An austere format for public concerts developed in the Classical period and became, if anything, more rigid in the late 19th century Romantic era. Audiences grew to expect black and white formal attire for performers who silently presented music to audiences who were equally silent. Even when some 20th century composers took off in totally new directions, their radical compositions were presented by performers who seldom deviated from the tuxedos and stuffiness that was expected in the late Romantic era.

Early music ensembles are more likely to dress in period costume. A few years ago, “Red Priest” performed in Asheville, performing while walking in (even the viol player) and adding a touch of theater to their skill as musicians. Piers Adams, leader of this four-member English consort, may be leading us into the 21st century. Other musicians who perform Renaissance and Baroque compositions on replicas of historic instruments feel free to meddle with the concert format in order to replicate the experience of hearing music from an era before public subscription concerts even existed. In Western North Carolina, we are blessed with our very own, very professional, early music consort, Musicke Antiqua. Beginning in 2003 with three musicians in Brevard, the group now includes sixteen members (twelve full members and four alternates), most of whom are Conservatory-trained performers on other instruments or University-trained music teachers.

Sunday’s performance was a simulation of a 17th century “stroll in the park” – a park next to St. Janskerke in Utrecht, Netherlands – and most appropriately was part of the Sunday concert series in St. Matthias Episcopal Church, a beautiful 19th century edifice on the National Register of Historic Places. In accordance with the theme, the concert began with solo recorder works by Jacob Van Eyck, a nobleman who in the 17th century gave recorder performances in that park. A bagpiper then marched down the center aisle, and took his seat to play an additional recorder. Other costumed musicians slowly arrived down the side aisles until a twelve-member ensemble was seated. Instruments included a consort of recorders (sopranino, soprano, alto, tenor, bass and great bass), capped double reeds, cello, mandolin, psaltery, flageolet and percussion.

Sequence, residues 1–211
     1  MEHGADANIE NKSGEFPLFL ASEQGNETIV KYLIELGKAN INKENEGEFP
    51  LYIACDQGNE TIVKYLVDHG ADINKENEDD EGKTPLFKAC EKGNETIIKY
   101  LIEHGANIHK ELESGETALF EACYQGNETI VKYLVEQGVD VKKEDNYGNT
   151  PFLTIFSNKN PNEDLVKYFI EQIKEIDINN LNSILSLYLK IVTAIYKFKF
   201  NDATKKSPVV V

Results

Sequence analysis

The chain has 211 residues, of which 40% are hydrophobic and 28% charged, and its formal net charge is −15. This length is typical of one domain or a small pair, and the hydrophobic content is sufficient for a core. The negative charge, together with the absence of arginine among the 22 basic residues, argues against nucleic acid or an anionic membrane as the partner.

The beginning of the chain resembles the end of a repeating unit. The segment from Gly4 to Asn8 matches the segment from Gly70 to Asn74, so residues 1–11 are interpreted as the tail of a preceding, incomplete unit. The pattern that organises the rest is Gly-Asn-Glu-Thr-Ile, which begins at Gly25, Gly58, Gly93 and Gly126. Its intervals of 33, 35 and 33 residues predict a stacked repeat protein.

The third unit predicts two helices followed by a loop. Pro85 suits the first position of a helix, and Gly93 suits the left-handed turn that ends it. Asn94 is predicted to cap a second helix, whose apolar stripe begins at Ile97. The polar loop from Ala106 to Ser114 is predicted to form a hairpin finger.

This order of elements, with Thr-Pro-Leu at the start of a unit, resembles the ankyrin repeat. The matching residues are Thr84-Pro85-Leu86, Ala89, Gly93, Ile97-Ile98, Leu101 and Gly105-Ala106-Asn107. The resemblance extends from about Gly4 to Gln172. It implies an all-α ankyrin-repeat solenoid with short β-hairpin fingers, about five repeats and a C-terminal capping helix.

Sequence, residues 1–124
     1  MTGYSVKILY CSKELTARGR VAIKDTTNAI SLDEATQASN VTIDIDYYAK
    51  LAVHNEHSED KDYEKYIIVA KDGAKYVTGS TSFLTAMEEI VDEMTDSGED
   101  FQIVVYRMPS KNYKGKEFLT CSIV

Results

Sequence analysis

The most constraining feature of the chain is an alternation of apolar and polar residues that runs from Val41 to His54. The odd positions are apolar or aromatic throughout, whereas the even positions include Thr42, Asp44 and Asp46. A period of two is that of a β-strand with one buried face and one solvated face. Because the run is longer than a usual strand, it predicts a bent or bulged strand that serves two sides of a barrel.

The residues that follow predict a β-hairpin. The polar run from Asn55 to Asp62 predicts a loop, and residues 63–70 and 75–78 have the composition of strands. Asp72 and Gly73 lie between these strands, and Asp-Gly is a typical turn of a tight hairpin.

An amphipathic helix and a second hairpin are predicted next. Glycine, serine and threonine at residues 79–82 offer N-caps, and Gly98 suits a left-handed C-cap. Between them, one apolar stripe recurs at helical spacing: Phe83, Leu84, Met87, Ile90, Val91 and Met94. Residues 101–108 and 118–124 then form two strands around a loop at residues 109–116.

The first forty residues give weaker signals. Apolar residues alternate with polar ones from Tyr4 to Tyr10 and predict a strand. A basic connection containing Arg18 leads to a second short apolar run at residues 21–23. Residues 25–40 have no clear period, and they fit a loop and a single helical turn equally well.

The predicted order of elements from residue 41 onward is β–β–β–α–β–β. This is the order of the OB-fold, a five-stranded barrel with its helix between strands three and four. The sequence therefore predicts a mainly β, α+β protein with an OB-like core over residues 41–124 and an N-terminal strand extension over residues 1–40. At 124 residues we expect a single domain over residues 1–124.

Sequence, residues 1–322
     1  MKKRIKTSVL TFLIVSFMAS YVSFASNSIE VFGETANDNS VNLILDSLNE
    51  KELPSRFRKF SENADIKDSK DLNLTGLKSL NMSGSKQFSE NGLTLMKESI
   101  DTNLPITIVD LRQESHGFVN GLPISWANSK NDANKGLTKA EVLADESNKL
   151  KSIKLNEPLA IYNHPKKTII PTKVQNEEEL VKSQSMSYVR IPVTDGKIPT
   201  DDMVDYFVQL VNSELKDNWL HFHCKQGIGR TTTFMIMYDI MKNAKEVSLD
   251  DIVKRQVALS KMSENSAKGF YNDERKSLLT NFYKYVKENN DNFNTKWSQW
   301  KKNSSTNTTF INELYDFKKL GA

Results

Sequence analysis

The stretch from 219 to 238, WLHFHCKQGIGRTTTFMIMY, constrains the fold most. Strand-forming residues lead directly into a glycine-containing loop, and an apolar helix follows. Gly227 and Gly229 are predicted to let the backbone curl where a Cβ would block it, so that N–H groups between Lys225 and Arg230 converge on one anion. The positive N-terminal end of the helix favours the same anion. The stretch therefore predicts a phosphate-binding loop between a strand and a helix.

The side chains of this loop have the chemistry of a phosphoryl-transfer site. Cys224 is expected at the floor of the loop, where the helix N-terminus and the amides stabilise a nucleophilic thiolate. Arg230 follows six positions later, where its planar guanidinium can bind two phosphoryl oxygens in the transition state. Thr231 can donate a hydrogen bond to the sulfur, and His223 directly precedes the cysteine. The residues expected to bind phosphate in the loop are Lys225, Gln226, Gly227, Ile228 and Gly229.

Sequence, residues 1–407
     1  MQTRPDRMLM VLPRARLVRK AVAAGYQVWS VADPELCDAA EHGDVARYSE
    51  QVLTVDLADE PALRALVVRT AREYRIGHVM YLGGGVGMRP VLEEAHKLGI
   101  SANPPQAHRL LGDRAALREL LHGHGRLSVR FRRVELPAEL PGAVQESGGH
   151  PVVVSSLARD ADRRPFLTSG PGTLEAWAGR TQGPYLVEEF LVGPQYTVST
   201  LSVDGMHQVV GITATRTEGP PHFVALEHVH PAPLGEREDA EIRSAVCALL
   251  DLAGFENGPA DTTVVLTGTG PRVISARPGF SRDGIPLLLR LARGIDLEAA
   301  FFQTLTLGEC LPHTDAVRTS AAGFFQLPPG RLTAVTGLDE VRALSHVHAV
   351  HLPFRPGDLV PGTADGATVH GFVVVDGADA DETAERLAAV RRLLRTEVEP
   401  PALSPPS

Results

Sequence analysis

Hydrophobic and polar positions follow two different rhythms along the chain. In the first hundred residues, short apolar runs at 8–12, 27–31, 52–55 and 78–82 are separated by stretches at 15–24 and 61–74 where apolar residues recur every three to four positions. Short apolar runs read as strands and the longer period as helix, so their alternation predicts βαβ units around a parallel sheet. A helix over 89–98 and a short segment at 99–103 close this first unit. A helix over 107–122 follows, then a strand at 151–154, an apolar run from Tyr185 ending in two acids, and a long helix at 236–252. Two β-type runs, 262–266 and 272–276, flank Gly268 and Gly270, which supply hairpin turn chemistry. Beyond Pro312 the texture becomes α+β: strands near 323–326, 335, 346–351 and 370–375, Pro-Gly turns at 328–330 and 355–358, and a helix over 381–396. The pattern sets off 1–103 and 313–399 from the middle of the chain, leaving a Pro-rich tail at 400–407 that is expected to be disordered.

The concert included 18 pieces by 13 composers, with dates ranging from ca. 1550 to 1688. There was one ringer…a hurdy-gurdy piece for seven recorders composed in 1970. The most familiar composers were Josquin de Pres, Giovanni Gabrielli, Johann Schmelzer, Giovanni Pierluigi da Palestrina and Loeillet de Gant.

From the first moment that we heard two alto recorders together (an “Adagio” movement by Loeillet de Gant) through to pieces for eight recorders, it was apparent that this group had mastered intonation. After a false start on the Palestrina “Sesto Tono,” music director Sharen Hafner (conducting from the great bass recorder) stopped and explained to the audience that she had forgotten that the ensemble needed to tune to the cello. One could not have asked for more satisfactory blend on instruments that do not easily produce accurate pitches. Before the 15th century Josquin de Pres piece “El Grillo” (for four capped double reeds and percussion), Ms. Hafner cautioned the audience that capped double reeds were treacherous instruments to play. The cautionary notice was not needed; the playing was impeccable.

We hear a great deal of music from the late Baroque period (Bach, Handel and Vivaldi). It is pleasant to know that a top quality local ensemble can now delight us in virtuoso performances of music from an earlier era.